O mundo é dos audazes. Timor triunfará!
— Jorge Heiter
East Timor (now Timor-Leste) is the eastern half of a small island–conveniently named ‘Timor’–southeast of Indonesia. ‘Timor’ actually means East, or Rising Sun, so technically it’s ‘East East’.
Timor-Leste is one of two Catholic countries in Asia, the other being the Philippines; and the only Asian country where Portuguese is a second language.
For over 400 years the Portuguese ruled East Timor as a colony, until a 1975 coup d’etat in Portugal ushered in an era of de-colonialization. With a destabilized government, fighting broke out between two Timorese political parties, one of which allied themselves with Indonesia. (Indonesia occupied the western half of Timor.) The other party, FRETILIN, unilaterally declared East Timor an independent nation on November 28, 1975.
That independence was short lived.
The following week the Indonesian military, under President Suharto, began one of the most brutal, and one of the most ignored, invasions and occupations of the second half of the 20th century.
The United Nations condemned the invasion, but took no further action. Indonesia justified the invasion by claiming that the artificial border that split the island was the result of European imperialism and political oppression. (The Dutch had once occupied West Timor.)
Constancio was a young boy at the time of the invasion. Like many others, he and his family fled to the jungle, where he witnessed friends and family die from illness and starvation. All the while the Indonesian air force continued bombing from above. After several months he was captured and interred in a make-shift concentration camp that was worse than the mountainous jungle.
“There were thousands of people in a small area that was infested by mosquitoes and with no running water, no food. At least 15 people died every day.”
The island was effectively cut off from the rest of the world; it is estimated that of a population of 700,000, up to 100,000 Timorese died in the first 5 years of occupation.
After being released, Constancio became a servant to an Indonesian police officer in Dili. He gained entrance to a private school and became active in a students’ movement for an independent East Timor.
In 1991 Constancio helped organize a demonstration protesting the murder of Sebastiao Gomes, a 22 year-old killed in a church the month before. As over 3,000 unarmed demonstrators converged on the cemetery where Gomes was buried, Indonesian troops opened fire using American-made M16s. He recalled…
“We didn’t think they would open fire with United Nations observers and journalists being there.“
Over 250 Timorese were killed; 200 more ‘disappeared’ in the following military crackdown. What separated the massacre of Santa Cruz from previous atrocities was that it was documented by Australian media, one of the few events on the otherwise isolated island to be so. The massacre at Santa Cruz became a rallying point for supporters of Timorese independence.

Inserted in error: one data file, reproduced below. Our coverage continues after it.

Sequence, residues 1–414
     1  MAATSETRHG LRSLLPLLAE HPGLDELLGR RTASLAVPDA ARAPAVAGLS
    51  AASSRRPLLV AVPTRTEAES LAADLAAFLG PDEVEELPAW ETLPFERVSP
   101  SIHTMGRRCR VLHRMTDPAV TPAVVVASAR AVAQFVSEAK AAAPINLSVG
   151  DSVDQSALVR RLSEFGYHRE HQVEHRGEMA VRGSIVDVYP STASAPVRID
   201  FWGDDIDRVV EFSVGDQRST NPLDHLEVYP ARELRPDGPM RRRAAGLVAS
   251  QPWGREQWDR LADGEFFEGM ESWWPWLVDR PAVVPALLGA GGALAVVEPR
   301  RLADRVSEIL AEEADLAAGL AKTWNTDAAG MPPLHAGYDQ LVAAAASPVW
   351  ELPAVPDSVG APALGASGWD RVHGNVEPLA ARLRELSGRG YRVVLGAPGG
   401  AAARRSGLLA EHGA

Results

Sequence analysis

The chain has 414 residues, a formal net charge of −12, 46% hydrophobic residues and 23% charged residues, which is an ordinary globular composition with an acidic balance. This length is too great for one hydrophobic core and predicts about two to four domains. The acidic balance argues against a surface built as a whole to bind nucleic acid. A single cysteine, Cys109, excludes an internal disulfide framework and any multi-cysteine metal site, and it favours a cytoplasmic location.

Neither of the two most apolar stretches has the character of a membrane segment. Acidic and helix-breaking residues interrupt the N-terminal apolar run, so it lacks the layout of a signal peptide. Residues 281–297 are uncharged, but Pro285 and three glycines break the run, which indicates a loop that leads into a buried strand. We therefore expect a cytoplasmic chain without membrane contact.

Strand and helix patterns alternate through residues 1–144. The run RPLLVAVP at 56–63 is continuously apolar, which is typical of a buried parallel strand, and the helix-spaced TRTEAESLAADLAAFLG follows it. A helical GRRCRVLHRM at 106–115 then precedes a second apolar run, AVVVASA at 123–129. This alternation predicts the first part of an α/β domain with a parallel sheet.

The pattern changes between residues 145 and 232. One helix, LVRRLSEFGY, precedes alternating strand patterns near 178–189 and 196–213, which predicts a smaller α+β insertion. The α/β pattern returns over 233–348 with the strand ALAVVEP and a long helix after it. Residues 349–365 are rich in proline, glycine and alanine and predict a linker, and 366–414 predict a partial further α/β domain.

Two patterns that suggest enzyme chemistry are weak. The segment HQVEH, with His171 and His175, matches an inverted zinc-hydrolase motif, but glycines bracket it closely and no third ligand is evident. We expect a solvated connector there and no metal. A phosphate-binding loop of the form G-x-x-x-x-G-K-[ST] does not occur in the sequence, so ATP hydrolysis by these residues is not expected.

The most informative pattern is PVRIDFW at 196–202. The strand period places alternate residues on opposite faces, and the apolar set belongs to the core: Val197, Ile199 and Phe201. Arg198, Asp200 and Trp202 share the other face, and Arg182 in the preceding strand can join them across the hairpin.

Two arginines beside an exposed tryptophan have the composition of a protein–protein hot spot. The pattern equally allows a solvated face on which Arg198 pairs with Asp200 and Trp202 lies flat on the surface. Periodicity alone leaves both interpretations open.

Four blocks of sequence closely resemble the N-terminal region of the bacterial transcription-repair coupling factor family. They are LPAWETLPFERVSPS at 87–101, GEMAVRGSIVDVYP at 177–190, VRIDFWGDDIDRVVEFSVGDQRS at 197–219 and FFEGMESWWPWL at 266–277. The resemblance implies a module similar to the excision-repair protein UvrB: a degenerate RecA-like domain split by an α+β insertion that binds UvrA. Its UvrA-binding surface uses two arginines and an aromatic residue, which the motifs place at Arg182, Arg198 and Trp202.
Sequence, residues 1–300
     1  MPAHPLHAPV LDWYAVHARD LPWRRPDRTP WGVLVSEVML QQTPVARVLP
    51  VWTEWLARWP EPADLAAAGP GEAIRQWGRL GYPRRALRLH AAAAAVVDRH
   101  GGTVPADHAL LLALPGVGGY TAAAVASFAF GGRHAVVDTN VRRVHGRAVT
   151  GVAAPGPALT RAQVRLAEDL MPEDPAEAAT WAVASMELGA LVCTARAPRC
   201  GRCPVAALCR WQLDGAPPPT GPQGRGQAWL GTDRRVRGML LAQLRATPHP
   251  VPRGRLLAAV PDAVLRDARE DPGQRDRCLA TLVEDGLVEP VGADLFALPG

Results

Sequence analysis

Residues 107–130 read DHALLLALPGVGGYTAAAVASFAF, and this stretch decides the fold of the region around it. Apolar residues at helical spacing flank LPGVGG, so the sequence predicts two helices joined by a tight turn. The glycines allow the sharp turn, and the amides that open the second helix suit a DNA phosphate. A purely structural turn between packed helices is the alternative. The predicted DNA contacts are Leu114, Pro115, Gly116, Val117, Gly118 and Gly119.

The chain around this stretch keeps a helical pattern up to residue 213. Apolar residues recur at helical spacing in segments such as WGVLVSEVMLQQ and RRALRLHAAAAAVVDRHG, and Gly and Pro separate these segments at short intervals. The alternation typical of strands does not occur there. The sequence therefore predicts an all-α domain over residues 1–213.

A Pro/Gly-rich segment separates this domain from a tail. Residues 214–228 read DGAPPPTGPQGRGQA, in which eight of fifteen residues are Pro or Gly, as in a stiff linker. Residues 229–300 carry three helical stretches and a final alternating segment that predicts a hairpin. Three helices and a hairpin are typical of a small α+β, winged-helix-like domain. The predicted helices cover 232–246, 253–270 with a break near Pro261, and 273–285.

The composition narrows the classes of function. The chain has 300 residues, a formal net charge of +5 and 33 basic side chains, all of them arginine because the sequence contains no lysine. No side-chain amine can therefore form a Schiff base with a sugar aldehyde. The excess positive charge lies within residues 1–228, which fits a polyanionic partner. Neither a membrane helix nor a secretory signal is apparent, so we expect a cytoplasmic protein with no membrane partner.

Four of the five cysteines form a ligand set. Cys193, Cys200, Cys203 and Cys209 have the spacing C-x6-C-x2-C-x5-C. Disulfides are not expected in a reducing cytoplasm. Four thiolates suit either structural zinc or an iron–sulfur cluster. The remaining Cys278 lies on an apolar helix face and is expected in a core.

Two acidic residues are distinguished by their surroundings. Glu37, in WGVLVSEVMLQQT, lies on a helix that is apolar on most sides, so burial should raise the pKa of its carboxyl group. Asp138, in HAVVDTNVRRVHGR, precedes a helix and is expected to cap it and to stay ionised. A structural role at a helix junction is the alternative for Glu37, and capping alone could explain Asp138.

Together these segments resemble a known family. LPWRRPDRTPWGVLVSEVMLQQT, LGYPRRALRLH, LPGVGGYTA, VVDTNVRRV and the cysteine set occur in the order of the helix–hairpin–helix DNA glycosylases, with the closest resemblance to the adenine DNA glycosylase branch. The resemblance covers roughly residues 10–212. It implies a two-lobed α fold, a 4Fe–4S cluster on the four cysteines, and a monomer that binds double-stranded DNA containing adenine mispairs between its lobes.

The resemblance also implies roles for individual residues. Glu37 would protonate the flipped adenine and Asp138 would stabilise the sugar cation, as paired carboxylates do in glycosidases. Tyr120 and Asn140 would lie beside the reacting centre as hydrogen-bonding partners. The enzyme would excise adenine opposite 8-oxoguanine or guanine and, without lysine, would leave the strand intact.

With a little less luck, Constancio might have been one of the disappeared, but he was tipped off by an inside friend who warned him not to go home that night when the secret police were waiting for him.
Constancio escaped to the western half of the island with the aid of friends, false papers, and money to bribe an Indonesian official to issue him a passport to Singapore.
He never took a moment of his freedom for granted. Traveling to Portugal and the U.S., he spread awareness of the situation in East Timor. In 1993 he matriculated to Brown University and he continued speaking across the U.S. about his life, the East Timor people, and the horrors he had seen.
In 1996, two of his countrymen Jose Ramos-Horta and Bishop Ximenes Belo, won the Nobel Peace Prize for their efforts at ending the violence in East Timor, bringing international attention to the fate of the small island.
In the late 1990s the determination of Timorese like Pinto, Ramos-Horta, and Ximenes Belo, as well Australian journalists like Allan Naird, met with help from an unlikely source. The crash of the Asian markets in 1997 destabilized Indonesia, and the ensuing recession forced President Suharto to call an end to his 30-year reign in May 1998. Dependent on foreign support during the financial crisis, the new President gave in to the international community’s demands for an election in East Timor.
On August 30, 1999, East Timor voted overwhelmingly for independence from Indonesia. But even after the election, paramilitary groups continued attacks on unarmed civilians in an attempt to provoke widespread violence and justify the need for Indonesian peacekeepers. Despite provocation, the Timorese kept their side of the peace.
Under international pressure, the last Indonesian troops left East Timor on October 31, 1999.
On this day in 2002 Timor-Leste became the first newly-independent nation of the 21st century.
Flight from East Timor: Student works from Brown base toward freedom for his homeland – Richard Morin
East Timor and the International Community – Heike Krieger
Instability Sours Timor Celebration
4 Replies to “Timor of the Rising Sun”
I don’t like political boundaries, independence? I don’t think so. Timor used to be one. Colonialism creates east and west timor. What is east or west timor, this people are basically the same group of people divided by a mere line created by some people from the Portuguese Empire. This ideological statement are rubbish.
Yes, it’s an unforgettable history that formed most timorese’s life. But what is after all these, by knowing, that after independence most vulnerable and forgotten victims of this history have been likely forgotten by the international communities… We want equal justice that peaces us and make us worthy of our past struggles towards independence… We want perpetrators of past crimes be justified internationally…